Oil was steady above $69-a-barrel as the slow return of US output halted by Hurricane Ida more than a week ago tightened the market, Report informs referring to Bloomberg.
Futures in New York advanced 1.4 percent on September 9 after two straight days of declines. Just over 20 percent of US Gulf of Mexico oil and natural gas production is back online after the hurricane-battered southeast Louisiana, marking an even slower comeback than in the wake of Katrina.
Regional crude grades such as Mars Blend have jumped due to the prolonged shutdown.
Oil has whipsawed over the past couple of months amid mixed demand signals, including concerns about fuel consumption due to the delta variant of the virus leading to renewed restrictions on mobility.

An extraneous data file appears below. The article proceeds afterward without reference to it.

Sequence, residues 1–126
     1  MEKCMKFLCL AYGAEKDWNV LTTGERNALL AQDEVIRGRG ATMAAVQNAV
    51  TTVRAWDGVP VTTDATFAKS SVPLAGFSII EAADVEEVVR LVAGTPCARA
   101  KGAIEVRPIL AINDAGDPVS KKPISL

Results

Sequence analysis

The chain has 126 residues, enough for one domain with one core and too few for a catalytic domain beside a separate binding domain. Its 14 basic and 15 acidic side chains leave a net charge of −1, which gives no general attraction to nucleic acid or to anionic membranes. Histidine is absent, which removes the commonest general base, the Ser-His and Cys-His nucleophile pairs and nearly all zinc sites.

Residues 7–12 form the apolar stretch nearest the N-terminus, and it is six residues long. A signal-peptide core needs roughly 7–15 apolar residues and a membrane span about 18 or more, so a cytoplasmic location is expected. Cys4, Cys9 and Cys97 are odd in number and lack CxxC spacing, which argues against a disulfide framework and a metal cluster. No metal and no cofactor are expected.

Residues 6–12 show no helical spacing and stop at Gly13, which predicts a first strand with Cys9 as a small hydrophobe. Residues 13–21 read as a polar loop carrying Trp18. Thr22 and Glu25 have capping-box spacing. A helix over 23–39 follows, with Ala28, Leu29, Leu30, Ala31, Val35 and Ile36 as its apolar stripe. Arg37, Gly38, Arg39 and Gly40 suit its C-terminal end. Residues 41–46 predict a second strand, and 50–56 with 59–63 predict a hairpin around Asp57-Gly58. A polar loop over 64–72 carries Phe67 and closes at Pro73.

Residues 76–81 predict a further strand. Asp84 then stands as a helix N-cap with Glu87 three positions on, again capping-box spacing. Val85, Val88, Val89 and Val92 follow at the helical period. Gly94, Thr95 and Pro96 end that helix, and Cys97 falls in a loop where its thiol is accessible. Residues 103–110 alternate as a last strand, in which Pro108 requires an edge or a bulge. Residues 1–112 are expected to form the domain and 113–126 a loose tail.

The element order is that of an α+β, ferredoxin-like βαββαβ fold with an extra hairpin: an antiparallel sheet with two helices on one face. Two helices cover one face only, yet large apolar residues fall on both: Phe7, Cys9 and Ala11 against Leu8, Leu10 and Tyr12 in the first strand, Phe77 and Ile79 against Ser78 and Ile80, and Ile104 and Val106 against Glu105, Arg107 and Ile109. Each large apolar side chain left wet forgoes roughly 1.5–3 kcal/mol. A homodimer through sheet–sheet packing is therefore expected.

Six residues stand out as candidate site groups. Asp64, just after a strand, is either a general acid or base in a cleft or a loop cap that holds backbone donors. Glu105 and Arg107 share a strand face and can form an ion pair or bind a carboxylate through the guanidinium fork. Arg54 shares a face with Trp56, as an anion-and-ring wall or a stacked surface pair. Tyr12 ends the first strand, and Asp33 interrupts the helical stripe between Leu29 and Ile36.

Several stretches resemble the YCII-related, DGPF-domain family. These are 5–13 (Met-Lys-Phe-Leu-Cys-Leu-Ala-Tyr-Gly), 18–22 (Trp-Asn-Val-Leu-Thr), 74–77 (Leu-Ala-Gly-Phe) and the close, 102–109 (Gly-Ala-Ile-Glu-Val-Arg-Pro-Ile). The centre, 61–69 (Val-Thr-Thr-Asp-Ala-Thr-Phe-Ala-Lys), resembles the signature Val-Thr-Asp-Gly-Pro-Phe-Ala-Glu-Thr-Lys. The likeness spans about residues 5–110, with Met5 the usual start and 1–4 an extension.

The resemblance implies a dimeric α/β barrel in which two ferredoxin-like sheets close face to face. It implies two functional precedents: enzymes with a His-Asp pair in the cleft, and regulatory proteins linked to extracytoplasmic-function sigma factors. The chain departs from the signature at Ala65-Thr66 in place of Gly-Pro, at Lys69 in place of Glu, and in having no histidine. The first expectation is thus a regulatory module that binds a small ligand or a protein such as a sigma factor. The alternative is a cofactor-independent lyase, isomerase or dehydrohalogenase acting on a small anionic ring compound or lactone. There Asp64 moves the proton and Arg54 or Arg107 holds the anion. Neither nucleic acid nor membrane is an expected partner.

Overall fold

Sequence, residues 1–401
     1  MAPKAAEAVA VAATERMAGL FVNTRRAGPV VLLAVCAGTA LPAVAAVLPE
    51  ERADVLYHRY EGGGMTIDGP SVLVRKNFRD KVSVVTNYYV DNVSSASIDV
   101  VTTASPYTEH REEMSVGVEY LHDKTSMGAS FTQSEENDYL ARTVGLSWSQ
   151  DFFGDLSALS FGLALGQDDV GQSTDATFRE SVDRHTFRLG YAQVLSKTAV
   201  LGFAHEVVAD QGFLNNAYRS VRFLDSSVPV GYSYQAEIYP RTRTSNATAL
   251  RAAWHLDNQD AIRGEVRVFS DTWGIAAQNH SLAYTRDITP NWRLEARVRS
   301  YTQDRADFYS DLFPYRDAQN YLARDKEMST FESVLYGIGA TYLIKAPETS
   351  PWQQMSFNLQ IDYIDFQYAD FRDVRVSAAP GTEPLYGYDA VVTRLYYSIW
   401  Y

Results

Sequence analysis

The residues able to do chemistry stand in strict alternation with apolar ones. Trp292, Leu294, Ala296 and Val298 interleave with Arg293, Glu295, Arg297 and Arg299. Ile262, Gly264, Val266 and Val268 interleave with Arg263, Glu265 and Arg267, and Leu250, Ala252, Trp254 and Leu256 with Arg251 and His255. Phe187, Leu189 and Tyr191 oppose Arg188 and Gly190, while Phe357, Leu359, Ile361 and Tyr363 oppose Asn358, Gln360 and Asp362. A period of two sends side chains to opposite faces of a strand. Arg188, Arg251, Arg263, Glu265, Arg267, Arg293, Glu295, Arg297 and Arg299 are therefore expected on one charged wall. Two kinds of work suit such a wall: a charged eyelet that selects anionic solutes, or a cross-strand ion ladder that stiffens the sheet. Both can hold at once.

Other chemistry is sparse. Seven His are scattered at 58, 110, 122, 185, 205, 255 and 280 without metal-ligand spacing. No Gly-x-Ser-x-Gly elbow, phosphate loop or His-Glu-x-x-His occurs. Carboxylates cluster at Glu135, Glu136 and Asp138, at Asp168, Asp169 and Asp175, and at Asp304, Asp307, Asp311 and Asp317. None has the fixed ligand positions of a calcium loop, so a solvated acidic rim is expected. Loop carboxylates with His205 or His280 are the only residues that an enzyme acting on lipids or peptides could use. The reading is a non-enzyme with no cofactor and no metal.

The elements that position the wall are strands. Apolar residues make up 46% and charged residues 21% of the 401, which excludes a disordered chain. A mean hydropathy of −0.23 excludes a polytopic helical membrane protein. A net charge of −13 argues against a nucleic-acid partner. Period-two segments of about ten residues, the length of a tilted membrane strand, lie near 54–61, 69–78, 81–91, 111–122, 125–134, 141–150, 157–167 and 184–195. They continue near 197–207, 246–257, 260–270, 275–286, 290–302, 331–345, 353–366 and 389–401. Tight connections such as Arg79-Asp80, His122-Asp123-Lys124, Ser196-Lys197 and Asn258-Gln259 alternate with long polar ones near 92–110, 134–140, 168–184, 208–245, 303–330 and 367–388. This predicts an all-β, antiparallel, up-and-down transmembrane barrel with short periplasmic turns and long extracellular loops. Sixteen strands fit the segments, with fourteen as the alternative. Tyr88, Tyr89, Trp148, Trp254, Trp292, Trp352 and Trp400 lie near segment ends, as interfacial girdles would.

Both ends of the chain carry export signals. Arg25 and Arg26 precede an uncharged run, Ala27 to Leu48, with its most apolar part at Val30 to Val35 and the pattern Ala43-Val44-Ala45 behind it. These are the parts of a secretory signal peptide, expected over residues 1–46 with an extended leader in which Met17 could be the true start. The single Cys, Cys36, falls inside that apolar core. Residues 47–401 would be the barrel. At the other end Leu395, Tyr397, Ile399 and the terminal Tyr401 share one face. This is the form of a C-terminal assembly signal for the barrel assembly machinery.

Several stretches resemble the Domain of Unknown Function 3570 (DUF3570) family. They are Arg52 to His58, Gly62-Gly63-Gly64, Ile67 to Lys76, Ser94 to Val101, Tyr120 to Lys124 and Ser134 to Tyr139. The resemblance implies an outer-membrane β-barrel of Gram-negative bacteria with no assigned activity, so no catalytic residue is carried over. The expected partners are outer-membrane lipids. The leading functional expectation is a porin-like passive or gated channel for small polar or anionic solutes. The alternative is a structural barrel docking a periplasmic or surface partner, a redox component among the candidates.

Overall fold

The outlook now looks to be improving, with the world’s two biggest economies - the US and China - seeing demand surpass pre-pandemic levels.
“It now actually looks like one of the worst storms we have had in a very, very long time,” said Wayne Gordon, strategist at UBS AG Wealth Management. “As long as we don’t run into other variants of Covid-19, which cause even more problems, I think we are going into next year with a pretty positive outlook. We think that demand continues to recover.”
The American Petroleum Institute reported US crude stockpiles fell by 2.88 million barrels last week, according to people familiar. Nationwide inventories are forecast to have slid by 4.75 million barrels, a Bloomberg survey showed before official Energy Information Administration figures later September 9.